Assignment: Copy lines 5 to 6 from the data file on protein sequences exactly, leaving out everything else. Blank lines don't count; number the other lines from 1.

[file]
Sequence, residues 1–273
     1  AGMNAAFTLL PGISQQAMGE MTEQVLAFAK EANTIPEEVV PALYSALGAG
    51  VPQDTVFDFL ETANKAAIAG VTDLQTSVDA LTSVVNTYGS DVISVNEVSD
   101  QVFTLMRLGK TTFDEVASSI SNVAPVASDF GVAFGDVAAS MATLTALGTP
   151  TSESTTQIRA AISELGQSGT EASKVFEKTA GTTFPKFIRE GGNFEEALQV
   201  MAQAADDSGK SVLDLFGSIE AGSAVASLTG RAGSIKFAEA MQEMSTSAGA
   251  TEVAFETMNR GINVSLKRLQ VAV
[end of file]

   151  TSESTTQIRA AISELGQSGT EASKVFEKTA GTTFPKFIRE GGNFEEALQV
   201  MAQAADDSGK SVLDLFGSIE AGSAVASLTG RAGSIKFAEA MQEMSTSAGA